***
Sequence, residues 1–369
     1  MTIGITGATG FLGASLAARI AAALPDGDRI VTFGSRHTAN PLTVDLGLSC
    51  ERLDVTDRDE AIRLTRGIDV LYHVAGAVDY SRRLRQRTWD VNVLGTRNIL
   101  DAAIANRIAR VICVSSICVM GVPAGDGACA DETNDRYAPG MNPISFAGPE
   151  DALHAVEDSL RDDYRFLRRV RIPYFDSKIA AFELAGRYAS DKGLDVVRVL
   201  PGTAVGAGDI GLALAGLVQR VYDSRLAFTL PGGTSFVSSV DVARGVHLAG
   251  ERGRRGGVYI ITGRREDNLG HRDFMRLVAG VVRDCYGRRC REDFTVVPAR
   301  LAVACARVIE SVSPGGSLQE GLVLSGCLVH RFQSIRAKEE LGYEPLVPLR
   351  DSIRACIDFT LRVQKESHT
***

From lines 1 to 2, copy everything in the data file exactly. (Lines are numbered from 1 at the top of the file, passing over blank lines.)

Sequence, residues 1–369
     1  MTIGITGATG FLGASLAARI AAALPDGDRI VTFGSRHTAN PLTVDLGLSC